[Advaita-l] Advaita and other philosophies

Kiran B R kiranbr at rocketmail.com
Thu Apr 22 00:19:45 CDT 2004

> Least of all by me.  But I personally have and 
> found examined the answers (Proof: see some other 
> things I've written on this list :-)

Jaldhar, what one calls as knowledge varies from
person to person. Everyone who is not in doubt thinks
he has complete knowledge. The intelligent ones close
all doors of doubt, for they know that there is no end
to this quest for answers. That doesn't mean that
their knowledge has answers to everything the closed
doors hide.

People outside your closed doors have different
questions, and different answers, and correspondingly
different knowledges.

You are perhaps right in claiming that your answers
are correct, but terribly foolish in claiming that
others' answers are incorrect and the authors, 
inferior. You neither know their questions nor are you
in a position to appreciate them. You simply are *not*
riding on their radii.

> Point of information: ahamkara means ego or sense 
> of "I" if someone is "programmed" they are not 
> acting from conscious volition so the question
> of ahamkara does not arise.

...except if the programming has been initiated by the
person in question like this: "MY AchArya is always
right. I shall accept as Truth everything he says".
All is well until a day dawns on which his learning is
not enough to explain one thing or another. And then
bubbles ahaMkAra and an attachment to the Guru and his
teaching which two he now starts looking at as his

> What if after all this my beliefs are wrong?  I'll 
> cross that bridge when I get to it.  One should be 
> flexible enough to admit when one is wrong.

I am happy to hear this!

> But to to keep wondering "what if I'm wrong?" is 
> just a rhetorical pose and not necessary.

On the contrary, you are advocating for something very
dangerous: "I am right".

> Acharya means one who shows achar or the right 
> way.  If one doesn't believe a particular person is 
> showing the right way either because one knows a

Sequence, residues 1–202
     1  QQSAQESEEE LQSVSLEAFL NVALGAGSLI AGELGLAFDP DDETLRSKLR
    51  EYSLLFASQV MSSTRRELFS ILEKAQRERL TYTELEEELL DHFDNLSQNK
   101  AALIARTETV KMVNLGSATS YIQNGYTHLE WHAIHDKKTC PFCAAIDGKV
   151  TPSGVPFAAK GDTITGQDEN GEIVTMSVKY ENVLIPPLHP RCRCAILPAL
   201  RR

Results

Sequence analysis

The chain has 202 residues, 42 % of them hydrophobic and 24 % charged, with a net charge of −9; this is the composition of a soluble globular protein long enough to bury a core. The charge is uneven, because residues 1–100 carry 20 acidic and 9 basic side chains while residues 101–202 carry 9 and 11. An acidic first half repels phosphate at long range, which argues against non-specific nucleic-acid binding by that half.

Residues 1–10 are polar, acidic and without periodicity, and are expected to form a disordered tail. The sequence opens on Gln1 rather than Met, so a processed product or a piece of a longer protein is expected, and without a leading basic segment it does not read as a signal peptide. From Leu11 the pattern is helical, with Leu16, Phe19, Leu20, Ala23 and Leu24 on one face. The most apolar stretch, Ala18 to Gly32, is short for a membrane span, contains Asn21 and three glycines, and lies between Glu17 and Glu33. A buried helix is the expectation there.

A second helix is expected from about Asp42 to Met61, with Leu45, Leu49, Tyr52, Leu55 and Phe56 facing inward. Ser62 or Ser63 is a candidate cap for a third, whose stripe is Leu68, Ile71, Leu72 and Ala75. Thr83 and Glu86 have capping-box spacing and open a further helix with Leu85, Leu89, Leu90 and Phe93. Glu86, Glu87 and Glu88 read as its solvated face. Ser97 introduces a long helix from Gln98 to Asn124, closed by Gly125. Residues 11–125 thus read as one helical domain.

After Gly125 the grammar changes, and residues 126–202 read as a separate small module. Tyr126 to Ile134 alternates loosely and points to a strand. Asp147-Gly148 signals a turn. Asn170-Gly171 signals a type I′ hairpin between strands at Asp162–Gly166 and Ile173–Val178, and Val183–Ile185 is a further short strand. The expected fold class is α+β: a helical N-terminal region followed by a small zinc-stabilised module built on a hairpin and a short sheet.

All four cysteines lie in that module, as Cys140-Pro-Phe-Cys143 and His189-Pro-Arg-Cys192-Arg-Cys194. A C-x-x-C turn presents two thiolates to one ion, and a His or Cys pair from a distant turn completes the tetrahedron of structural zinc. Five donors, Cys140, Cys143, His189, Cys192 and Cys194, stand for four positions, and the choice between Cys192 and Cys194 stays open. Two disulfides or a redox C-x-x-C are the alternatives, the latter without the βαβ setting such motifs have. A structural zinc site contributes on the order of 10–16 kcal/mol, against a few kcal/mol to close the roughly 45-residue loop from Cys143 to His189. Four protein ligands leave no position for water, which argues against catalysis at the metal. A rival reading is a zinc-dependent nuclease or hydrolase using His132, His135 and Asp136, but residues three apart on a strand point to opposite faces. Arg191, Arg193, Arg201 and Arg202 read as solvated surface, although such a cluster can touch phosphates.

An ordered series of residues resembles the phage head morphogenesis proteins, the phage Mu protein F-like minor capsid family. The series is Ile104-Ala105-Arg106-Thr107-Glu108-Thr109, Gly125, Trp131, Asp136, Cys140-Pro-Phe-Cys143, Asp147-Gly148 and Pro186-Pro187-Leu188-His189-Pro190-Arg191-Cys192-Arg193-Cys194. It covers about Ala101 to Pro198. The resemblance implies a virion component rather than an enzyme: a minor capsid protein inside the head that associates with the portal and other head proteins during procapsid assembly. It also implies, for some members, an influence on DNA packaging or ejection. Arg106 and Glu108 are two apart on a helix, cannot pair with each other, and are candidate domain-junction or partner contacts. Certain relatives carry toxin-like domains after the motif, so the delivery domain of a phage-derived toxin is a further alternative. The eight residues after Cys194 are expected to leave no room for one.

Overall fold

> better way or because one doesn't care for it, then
> that person is not an acharya.

There is a famous subhAshita in this context:

AchAryAt pAdamAdattE pAdaM shishyaH svamEdhayA |
sabrahmachAribhyAh pAdam pAdaM kAlakramENa cha ||

One-fourth is obtained from the AchArya, one-fourth by
the shishya using his own intelligence, one-fourth
from fellow-brahmachAris and the remaining one-fourth
in course of time.

The question, as you might see, is not necessarily
that the student knows a better way than his AchArya.
The one-fourth one learns from the AchArya is not 
sufficient to walk on the path the AchArya walked. And
when one manages to walk on the path the AchArya
walked, he does not necessarily agree 100% with the
AchArya, for space and time will have changed. What
this shishya does, on the other hand, is what the
AchArya would have done in the new space and time.

The avatArapuruShas don't do the same thing in every
birth. If in 2004 kRuShNa comes with his obsolete
chakra, the George Bushes of this kaliyuga will blow
him into smithereens with nuclear weapons.

> If one believes there is such a thing as truth, 
> then one has to find a way towards it and just as
> importantly *away* from untruth.  What I'm claiming 
> is that Advaita Vedanta is that way.

It must be clear by now that Truth is a relative
thing. It is the negation of the falsity in one's
heart, which varies. The problem arises only when you
start with the stupid assumption that the falsity in
everybody is the same. Of course some falsities are
universal, but not all.

Advaita Vedanta is indeed what you say. For you. For
me. To claim that it is so for everybody is
foolishness. The nearest road to Mysore is the same
for people in Bangalore. Not to everybody in the
world. How foolish it would be to claim that it is the
same for people in Tirupati!

> Then "ultimately" that's what I'll do.  But in the 
> meantime it's time for Shankara Jayanti!

This too, I am happy to hear!! 

Happy Shankara Jayanti!!


achchakannaDigara guMpu!

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